Thursday, June 01, 2006

Dese Ole Bones

So far this week I have been riding my bike for about an hour every morning and then running 10K in the late afternoon, early evening. I am doing both at around 65-70% of my maximum heart rate.

I have resigned myself to the fact that it is clearly going to take me some time to adjust to the bike. But with all my running I am still a little shocked by how sport specific your conditioning really is. Despite my current level of fitness - which I would have to rate as high - this bike is kicking my ass. And I mean that literally and figuratively. My body is sore from head to toe. In fact, my glutes have become so tender that it hurts just to sit down. Seriously, I'm not kidding. And my guads and hamstrings are still getting used to round and round versus up and down. The most shocking bit has been the discovery that my core and upper body is so involved in cycling. Hell, even my hands have been getting a serious workout! It will take weeks before they stop cramping up. Will be fascinating to see what happens after I get properly fitted to the bike by Larry Zimich.

I have decided to refrain from any high intensity efforts, speed or hill work to allow my body to fully recover from the Boston and Vancouver Marathons, and to get ready for the Edge to Edge, Smithers and Skidegate Marathons. Beginning next weekend I am going to be doing a marathon every two weeks. Before anyone gets all up in arms, my intended pace for all three races is in the 4:30 range, so they will essentially be long training runs while wearing a bib. But the bib off course allows you to enjoy the spectacle of the marathon and soak in the atmosphere provided by all the other runners.

But back to the bike. Never having been particularly blessed with poise and grace, riding the bike requires a much higher degree of focus that running. One of the aspects I love about running is the ability to lose yourself in thought while on a long run. If you lose too much focus while on the road or let your mind wander while riding on the street you are in serious peril of becoming road kill. It's not enough that you have to worry about yourself, you also have to anticipate the lunacy of those piloting four thousand pound behemoths through city traffic. SUV drivers are absolutely the worse. They are assholes. You know who you are. It seems that the express purpose of buying an SUV is that once safely ensconced in your gas-guzzling cocoon of steel you don't have to give a fuck about anybody else on the road.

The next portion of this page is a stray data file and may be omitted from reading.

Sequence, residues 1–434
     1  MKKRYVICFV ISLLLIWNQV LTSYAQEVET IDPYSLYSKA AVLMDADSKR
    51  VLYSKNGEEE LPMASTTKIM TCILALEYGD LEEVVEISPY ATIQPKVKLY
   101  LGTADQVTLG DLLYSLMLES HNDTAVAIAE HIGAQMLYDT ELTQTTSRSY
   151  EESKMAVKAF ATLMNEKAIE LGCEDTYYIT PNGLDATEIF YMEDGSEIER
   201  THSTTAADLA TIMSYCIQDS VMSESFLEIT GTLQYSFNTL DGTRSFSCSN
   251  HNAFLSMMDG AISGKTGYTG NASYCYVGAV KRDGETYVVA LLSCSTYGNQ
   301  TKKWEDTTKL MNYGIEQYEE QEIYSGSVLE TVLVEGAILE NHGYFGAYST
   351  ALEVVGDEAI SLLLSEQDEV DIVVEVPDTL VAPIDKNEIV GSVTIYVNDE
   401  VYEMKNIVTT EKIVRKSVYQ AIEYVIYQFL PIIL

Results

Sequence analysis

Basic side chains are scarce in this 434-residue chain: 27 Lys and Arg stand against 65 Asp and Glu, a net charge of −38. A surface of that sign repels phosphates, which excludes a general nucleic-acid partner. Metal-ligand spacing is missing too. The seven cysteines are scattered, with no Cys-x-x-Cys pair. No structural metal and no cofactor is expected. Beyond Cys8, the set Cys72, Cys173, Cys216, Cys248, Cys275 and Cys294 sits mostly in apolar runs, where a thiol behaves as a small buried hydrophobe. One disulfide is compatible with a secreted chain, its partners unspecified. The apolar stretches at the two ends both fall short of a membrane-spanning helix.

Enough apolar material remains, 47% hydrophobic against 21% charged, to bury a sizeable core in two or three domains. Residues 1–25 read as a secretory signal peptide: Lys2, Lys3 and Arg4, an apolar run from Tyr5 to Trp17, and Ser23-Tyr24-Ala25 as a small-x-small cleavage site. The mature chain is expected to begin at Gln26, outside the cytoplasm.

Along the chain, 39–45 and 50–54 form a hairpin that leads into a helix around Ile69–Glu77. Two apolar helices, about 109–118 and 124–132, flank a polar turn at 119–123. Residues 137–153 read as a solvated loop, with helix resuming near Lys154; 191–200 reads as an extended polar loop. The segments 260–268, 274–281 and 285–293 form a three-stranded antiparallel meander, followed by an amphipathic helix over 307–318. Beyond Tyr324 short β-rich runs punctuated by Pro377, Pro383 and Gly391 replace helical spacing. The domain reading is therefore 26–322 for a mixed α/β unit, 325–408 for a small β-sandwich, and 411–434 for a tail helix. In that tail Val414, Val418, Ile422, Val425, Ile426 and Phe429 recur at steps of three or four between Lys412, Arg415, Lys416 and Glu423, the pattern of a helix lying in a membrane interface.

In a nutshell I have fallen off the bike two more times, battered my knees and the rest of my body and I have become even more cautious along the road and exceedingly aware of just how bad the drivers are in Vancouver. Probably every third person on the road isn't even remotely qualified to operate a moter vehicle. But id do love the sensation of speed that you get on a bike. And letting gravity take over on the downhills is even better that a walk break on a long run. Hurray for free mileage!


Blogger Joe said...

I totally agree on the SUV comments! I hate SUVs and the people that own them!

12:22:00 PM  
Blogger Scooter said...

1) Your assignment: in your next SUV rant, use the word "leviathan"
2) Running does give you girly-man quads and glutes, while biking is the opposite, so, yes, it's disturbing that they are so muscularly different, but it's right. You also have to toughen up your sitz-parts, normally a week long ordeal, maybe longer if you're new to biking.
3) I was always taught to pedal the downhills, as that can keep the legs from tying up on long downhills. No need to keep up, but you shouldn't let the legs sit idle for more than a few seconds.
4) Is your "equipment" still tending to go numb? If so, check that your seat isn't tilted up, that can be a real problem. The general rule is dead level or just a tad downward.

2:28:00 PM  
Blogger Joe said...

>Scooter said...
> 1) Your assignment: in your next SUV rant,
> use the word "leviathan"

Or how about 'behemoth'?

12:26:00 PM  

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